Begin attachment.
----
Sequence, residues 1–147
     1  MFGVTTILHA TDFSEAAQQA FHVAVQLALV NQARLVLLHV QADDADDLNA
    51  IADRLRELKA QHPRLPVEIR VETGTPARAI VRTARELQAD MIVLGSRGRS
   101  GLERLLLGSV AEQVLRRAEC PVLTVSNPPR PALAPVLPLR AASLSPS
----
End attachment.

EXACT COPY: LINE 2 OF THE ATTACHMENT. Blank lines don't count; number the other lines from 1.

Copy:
     1  MFGVTTILHA TDFSEAAQQA FHVAVQLALV NQARLVLLHV QADDADDLNA